The Polar Music Prize for 2003 is being awarded to the American musician Keith Jarrett, pianist, composer and master of the field of improvisational music. Keith Jarrett’s musical artistry is characterised by his ability to effortlessly cross boundaries in the world of music. He has expressed himself over the years in the context of both jazz and compositions for various chamber music ensembles and orchestra. Through a series of brilliant solo performances and recordings that demonstrate his utterly spontaneous creativity, Keith Jarrett has simultaneously lifted piano improvisation as an art form to new, unimaginable heights.
Keith Jarrett was born on May 8, 1945 and grew up in Allentown, Pennsylvania. He had significant early exposure to music, starting with piano at age three and undertaking classical music studies throughout his youth. As a child, he performed at the Academy of Music in Philadelphia where he had his first full-length recital for paying customers at age six – a recital he closed with two of his own compositions. While still in his teens he was offered an opportunity to study with Nadia Boulanger in Paris, but turned it down to pursue a career playing jazz, an interest that had grown during his high school years.
Following graduation from high school, Jarrett moved to Boston where he attended the Berklee College of Music and played cocktail piano in local clubs. He left the school after one year and moved to New York in 1964, where he participated in Monday jam sessions at the Village Vanguard. It was at one of these jam sessions that he met jazz drummer Art Blakey, who hired him to join his group Jazz Messengers.
The new york jazz scene
The engagement with Art Blakey didn’t last long, but it got Jarrett his first major exposure in the jazz scene. Another drummer, Jack DeJohnette, saw Jarrett’s talent and flow of ideas, and recommended him to his bandleader, Charles Lloyd. The Charles Lloyd Quartet had formed not long before and were exploring open, improvised forms and grooves not totally unlike some of the psychedelic rock bands of the day – although from another stylistic background. Their 1966 album Forest Flower was one of the most successful jazz recordings of the mid-1960s.
Live in Europe
From 1966 to 1969, Keith Jarrett was pianist for the Charles Lloyd Quartet. They became one of the most popular groups of the late-Sixties jazz scene, with best-selling records and worldwide tours, which even included shows in Eastern Europe and the Soviet Union.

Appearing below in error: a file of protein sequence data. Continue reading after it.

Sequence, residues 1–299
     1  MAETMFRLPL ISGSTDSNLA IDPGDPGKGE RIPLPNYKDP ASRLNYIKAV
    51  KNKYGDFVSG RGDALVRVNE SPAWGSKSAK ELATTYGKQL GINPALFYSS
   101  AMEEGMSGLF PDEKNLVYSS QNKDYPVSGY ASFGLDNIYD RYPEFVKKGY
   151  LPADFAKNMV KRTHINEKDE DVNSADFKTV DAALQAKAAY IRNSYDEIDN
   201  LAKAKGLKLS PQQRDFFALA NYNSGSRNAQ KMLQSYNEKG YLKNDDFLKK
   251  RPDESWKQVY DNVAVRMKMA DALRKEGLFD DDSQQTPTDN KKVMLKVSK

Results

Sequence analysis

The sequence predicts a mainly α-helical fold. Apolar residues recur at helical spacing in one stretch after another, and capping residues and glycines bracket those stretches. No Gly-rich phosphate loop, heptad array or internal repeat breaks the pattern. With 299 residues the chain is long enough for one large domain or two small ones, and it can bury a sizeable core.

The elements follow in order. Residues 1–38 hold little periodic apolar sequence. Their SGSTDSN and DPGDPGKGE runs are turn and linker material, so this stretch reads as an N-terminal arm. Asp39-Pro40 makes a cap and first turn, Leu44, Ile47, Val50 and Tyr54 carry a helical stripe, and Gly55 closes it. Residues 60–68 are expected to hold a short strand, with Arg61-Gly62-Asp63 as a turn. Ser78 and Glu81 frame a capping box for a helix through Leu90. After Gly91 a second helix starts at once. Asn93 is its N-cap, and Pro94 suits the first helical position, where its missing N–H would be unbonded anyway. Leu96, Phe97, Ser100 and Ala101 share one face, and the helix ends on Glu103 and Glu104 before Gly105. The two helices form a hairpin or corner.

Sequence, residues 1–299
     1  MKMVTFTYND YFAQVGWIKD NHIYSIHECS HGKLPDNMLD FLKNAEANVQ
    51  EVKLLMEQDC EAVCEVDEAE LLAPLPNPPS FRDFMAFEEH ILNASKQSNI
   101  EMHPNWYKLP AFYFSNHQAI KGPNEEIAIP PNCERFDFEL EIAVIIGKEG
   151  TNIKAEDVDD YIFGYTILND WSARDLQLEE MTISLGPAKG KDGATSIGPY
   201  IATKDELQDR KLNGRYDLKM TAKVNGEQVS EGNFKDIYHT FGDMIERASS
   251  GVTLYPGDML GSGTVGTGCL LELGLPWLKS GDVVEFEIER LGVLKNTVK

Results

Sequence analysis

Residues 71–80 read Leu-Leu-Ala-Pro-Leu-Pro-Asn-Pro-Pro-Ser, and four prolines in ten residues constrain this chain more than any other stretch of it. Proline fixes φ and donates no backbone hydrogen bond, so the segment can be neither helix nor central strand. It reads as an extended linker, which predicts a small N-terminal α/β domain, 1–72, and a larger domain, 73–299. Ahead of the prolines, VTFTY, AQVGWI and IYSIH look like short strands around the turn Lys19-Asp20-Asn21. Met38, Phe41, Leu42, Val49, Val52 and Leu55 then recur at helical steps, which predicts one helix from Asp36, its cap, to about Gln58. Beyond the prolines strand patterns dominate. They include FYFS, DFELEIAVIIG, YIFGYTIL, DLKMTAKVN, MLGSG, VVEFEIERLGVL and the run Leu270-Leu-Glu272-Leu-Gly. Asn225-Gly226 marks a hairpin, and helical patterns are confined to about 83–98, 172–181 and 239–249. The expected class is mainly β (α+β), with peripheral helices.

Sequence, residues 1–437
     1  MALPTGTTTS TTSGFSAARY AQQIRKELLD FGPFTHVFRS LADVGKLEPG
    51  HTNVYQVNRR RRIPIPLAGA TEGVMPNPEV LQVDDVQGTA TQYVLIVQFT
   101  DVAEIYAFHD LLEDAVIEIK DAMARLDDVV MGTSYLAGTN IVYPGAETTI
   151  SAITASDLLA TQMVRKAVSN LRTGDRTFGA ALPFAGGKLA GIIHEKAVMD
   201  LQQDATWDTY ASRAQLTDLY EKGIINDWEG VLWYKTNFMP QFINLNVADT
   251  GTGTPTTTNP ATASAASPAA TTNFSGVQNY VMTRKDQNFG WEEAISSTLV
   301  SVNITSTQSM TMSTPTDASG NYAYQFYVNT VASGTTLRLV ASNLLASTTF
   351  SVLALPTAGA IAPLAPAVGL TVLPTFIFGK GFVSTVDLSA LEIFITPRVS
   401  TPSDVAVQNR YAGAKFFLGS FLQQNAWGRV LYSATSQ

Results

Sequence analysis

Electrified with Miles
After leaving The Charles Lloyd Quartet in 1969, legendary trumpeter Miles Davis recruited Ketih Jarrett to join his band where Jarrett played electric organ and electric piano, alternating with Chick Corea. But after Corea left the group in 1970, Jarrett often played the two simultaneously.
Before joining Davis, Jarrett had released records as a band leader – the 1967 album Life Between the Exit Signs leading a trio with bassist Charlie Haden and drummer Paul Motian, and the 1968 solo album Restoration Ruin, on which he plays a number of instruments and sings. After leaving Miles Davis’ group in 1971, he expanded the trio, adding saxophonist Dewey Redman, and dubbing the new group his “American Quartet.”
Jarrett’s first album for ECM, Facing You, featured eight solo piano pieces recorded in the studio in 1971. In 1973 he began playing totally improvised solo concerts, and it is the popularity of these recordings that has made him one of the best-selling jazz artists in history. Albums released from these concerts include: the 1973 album Solo Concerts: Bremen-Lausanne which was awarded with Time Magazine’s Jazz Album of the Year; The Köln Concert from 1975 which went on to become the best selling piano recording in history; and Sun Bear Concerts which was recorded in Japan in 1976 and released as a ten LP set in 1978.
In the mid- to late 1970s Jarrett also led a European quartet, which made recordings for ECM. The group consisted of saxophonist Jan Garbarek, bassist Palle Danielsson and drummer Jon Christensen.
They played in a style similar to that of the American Quartet, but with many of the American, avant-garde elements replaced by the European folk influences that characterized many of ECM’s recordings at the time.
In parallel to his career as a Jazz pianist, Jarrett has recorded many classical music albums. In the early 1980s, he returned to performing the solo piano parts of concerti with orchestras. His repertory included modern works by Samuel Barber, Bela Bartok and Igor Stravinsky, and commissioned works by Lou Harrison.
He also gave piano recitals of works from the classical repertory, favoring Bach, Handel, Scarlatti and Shostakovich. In 1985, however, Jarrett resolved not to perform any more live concerts of classical music, although he has continued to record the music of Mozart and others.
The Standards Trio
In 1983 Keith Jarrett, bassist Gary Peacock and drummer Jack DeJohnette recorded an album of jazz standards, entitled Standards, Volume 1. It enjoyed critical and commercial success, as did the group’s following tour. The Standards Trio, as they called themselves, has continued to record and perform live together for more than twenty-five years.
In 1996 Keith Jarrett was struck with a severe case of chronic fatigue syndrome and was consequently forced to cancel all engagements and even consider whether or not he would ever play again.
For over two years he was unable to play the piano and was confined to his house. In 1999 he returned to the music world, and has since continued recording and touring, primarily with The Standards Trio.